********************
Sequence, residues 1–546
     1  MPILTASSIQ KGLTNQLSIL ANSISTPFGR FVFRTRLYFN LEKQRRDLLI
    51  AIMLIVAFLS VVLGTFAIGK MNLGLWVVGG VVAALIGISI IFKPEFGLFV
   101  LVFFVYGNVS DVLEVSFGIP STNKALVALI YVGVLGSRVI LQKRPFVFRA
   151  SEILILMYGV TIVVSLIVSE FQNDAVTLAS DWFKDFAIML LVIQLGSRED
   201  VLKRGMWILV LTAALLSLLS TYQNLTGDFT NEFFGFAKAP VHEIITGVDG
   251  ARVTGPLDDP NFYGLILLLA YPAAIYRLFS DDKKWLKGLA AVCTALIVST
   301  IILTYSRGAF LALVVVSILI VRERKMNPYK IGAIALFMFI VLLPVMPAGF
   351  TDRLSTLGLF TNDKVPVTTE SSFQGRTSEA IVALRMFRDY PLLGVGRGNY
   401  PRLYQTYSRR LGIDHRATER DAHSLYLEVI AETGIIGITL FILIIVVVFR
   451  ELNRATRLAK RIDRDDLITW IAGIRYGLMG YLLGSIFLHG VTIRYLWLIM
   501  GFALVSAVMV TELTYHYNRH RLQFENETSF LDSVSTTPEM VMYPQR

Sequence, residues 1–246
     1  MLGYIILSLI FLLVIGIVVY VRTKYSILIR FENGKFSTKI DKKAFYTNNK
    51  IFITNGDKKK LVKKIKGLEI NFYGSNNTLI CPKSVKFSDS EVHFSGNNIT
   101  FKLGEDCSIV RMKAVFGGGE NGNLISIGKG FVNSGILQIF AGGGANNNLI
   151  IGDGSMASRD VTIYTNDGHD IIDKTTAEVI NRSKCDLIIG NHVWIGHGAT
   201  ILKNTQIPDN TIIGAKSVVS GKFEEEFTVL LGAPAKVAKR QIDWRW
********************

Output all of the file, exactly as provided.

Sequence, residues 1–546
     1  MPILTASSIQ KGLTNQLSIL ANSISTPFGR FVFRTRLYFN LEKQRRDLLI
    51  AIMLIVAFLS VVLGTFAIGK MNLGLWVVGG VVAALIGISI IFKPEFGLFV
   101  LVFFVYGNVS DVLEVSFGIP STNKALVALI YVGVLGSRVI LQKRPFVFRA
   151  SEILILMYGV TIVVSLIVSE FQNDAVTLAS DWFKDFAIML LVIQLGSRED
   201  VLKRGMWILV LTAALLSLLS TYQNLTGDFT NEFFGFAKAP VHEIITGVDG
   251  ARVTGPLDDP NFYGLILLLA YPAAIYRLFS DDKKWLKGLA AVCTALIVST
   301  IILTYSRGAF LALVVVSILI VRERKMNPYK IGAIALFMFI VLLPVMPAGF
   351  TDRLSTLGLF TNDKVPVTTE SSFQGRTSEA IVALRMFRDY PLLGVGRGNY
   401  PRLYQTYSRR LGIDHRATER DAHSLYLEVI AETGIIGITL FILIIVVVFR
   451  ELNRATRLAK RIDRDDLITW IAGIRYGLMG YLLGSIFLHG VTIRYLWLIM
   501  GFALVSAVMV TELTYHYNRH RLQFENETSF LDSVSTTPEM VMYPQR

Sequence, residues 1–246
     1  MLGYIILSLI FLLVIGIVVY VRTKYSILIR FENGKFSTKI DKKAFYTNNK
    51  IFITNGDKKK LVKKIKGLEI NFYGSNNTLI CPKSVKFSDS EVHFSGNNIT
   101  FKLGEDCSIV RMKAVFGGGE NGNLISIGKG FVNSGILQIF AGGGANNNLI
   151  IGDGSMASRD VTIYTNDGHD IIDKTTAEVI NRSKCDLIIG NHVWIGHGAT
   201  ILKNTQIPDN TIIGAKSVVS GKFEEEFTVL LGAPAKVAKR QIDWRW